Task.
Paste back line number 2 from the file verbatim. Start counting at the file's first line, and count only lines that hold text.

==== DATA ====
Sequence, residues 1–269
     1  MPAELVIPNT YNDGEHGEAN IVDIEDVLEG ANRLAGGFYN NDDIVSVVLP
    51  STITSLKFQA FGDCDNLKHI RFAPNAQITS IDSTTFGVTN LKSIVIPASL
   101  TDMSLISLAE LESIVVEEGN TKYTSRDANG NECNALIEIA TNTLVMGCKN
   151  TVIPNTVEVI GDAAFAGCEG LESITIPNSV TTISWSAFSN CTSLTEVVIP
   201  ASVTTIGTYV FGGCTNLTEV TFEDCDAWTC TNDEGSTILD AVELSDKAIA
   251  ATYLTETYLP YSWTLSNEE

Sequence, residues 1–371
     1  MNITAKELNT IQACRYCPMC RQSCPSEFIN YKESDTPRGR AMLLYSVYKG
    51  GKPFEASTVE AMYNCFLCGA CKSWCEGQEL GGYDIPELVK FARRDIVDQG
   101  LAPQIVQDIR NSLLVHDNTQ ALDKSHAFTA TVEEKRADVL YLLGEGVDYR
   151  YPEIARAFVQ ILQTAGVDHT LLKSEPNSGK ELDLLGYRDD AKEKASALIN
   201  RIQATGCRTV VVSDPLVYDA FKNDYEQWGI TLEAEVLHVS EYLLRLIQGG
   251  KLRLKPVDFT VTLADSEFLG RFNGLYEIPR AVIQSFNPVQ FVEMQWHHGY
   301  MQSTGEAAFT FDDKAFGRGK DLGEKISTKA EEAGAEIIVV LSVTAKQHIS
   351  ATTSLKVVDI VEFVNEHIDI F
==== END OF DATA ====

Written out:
     1  MPAELVIPNT YNDGEHGEAN IVDIEDVLEG ANRLAGGFYN NDDIVSVVLP